IAM

DAVIDSTUTZ

19thOCTOBER2019

READING

David Madras, James Atwood, Alex D'Amour. Detecting Extrapolation with Influence Functions. ICML Workshop, 2019.

Madras et al. use influence functions to detect novel/out-of-distribution examples. Influence functions measure the impact of a specific training example on a model’s parameters. Thus, influence functions can be computed as

$\mathcal{I}(z’) = - H_{\theta^*}^{-1} \nabla_{\theta^*} l(z’, \theta^*)$

where $\theta^*$ are the model parameters (trained without $z’$), $l$ is the corresponding training loss (here, $z = (x,y)$ includes both label and input example) and $H$ is the corresponding Hessian. This formulation can be thought of as being a Newton step in order to reduce the loss $l(z’, \theta^*)$. In practice, the Hessian $H$ needs to regularized in order to be positive semi-definite. Subsequently, the authors define three different metrics based on this formulation of influence functions in order to assess novelty. In essence, these metrics all take the form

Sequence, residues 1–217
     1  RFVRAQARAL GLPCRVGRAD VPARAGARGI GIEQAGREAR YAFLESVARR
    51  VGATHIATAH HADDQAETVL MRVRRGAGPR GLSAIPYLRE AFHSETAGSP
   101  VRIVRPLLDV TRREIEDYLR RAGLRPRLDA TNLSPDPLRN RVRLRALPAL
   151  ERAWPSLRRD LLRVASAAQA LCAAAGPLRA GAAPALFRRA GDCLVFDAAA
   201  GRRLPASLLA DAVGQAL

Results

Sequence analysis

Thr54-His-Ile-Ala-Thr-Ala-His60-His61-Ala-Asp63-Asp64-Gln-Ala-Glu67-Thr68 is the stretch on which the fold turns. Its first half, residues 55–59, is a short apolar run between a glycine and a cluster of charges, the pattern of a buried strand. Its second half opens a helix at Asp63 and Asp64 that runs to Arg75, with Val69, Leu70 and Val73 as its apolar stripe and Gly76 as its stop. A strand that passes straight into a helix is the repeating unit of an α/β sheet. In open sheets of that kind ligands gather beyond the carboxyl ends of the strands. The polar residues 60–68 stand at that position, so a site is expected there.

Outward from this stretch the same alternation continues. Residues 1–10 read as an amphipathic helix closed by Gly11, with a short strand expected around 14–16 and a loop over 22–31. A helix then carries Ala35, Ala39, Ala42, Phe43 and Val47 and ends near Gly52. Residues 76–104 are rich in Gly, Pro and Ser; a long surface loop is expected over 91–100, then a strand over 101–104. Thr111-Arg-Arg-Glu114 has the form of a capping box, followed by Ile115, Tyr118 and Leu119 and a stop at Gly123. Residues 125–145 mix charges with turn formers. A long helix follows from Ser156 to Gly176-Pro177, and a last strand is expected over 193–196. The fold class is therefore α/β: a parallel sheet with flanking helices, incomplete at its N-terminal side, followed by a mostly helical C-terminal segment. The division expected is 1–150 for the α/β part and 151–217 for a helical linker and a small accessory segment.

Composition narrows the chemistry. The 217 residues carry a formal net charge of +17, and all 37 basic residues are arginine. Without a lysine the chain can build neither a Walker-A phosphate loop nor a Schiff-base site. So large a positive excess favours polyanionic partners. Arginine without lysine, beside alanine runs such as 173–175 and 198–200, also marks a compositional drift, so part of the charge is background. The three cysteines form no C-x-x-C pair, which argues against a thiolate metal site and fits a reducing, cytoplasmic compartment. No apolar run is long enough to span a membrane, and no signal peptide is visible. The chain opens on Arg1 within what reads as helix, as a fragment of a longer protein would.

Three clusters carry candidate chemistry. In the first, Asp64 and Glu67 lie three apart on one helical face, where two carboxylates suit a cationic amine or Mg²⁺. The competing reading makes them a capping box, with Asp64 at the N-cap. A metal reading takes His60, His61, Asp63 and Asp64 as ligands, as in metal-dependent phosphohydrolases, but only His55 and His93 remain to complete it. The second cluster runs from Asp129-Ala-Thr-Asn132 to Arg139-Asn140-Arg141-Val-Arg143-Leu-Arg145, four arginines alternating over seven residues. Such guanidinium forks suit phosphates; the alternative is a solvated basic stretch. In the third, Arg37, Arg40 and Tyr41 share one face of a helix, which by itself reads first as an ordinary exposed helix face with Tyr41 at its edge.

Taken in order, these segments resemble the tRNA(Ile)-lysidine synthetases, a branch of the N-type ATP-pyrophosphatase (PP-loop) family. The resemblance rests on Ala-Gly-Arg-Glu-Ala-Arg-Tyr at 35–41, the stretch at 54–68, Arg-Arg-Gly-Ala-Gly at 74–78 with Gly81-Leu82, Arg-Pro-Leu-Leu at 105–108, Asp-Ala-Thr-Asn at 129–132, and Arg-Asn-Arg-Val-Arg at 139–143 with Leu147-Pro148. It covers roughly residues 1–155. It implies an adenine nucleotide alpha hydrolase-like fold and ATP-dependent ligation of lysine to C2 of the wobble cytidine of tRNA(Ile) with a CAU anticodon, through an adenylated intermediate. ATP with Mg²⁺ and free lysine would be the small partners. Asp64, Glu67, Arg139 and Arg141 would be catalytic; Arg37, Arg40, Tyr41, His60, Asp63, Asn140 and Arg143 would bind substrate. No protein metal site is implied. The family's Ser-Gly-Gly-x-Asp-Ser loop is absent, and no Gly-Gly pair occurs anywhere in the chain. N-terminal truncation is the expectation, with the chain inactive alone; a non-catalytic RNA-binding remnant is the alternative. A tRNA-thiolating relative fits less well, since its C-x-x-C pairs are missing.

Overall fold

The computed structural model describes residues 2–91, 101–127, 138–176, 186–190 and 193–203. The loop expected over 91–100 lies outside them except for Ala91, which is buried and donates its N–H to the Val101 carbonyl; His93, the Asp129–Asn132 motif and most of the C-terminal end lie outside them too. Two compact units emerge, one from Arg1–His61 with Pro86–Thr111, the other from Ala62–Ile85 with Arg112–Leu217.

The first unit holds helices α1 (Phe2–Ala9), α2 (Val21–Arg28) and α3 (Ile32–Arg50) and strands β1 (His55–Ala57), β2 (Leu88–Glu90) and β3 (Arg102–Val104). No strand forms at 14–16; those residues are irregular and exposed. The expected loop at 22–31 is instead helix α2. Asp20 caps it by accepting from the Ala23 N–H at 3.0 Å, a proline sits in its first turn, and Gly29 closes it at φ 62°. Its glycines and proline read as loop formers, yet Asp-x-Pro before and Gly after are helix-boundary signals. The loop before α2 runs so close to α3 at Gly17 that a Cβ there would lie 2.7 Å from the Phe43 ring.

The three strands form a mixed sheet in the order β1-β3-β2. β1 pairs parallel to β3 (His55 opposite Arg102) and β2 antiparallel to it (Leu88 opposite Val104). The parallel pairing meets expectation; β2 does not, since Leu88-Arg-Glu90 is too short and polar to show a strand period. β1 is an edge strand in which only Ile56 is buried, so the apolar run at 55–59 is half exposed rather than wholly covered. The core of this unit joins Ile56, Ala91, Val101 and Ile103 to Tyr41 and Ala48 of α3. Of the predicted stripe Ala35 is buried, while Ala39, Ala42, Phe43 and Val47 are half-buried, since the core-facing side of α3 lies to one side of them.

$\nabla_{\theta^*} l(z’, \theta^*)^T H_{\theta^*}^{-k} \nabla_{\theta^*} l(z’, \theta^*)$

In the paper, this expression is linked to the eigen decomposition of the Hessian. The intuition is that predictions that are not supported by the training data correspond to gradient directions aligned with eigenvectors of small eigenvalues. In experiments, the metrics are tested in a simple synthetic case, as well as on MNIST.

What is your opinion on the summarized work? Or do you know related work that is of interest? Let me know your thoughts in the comments below: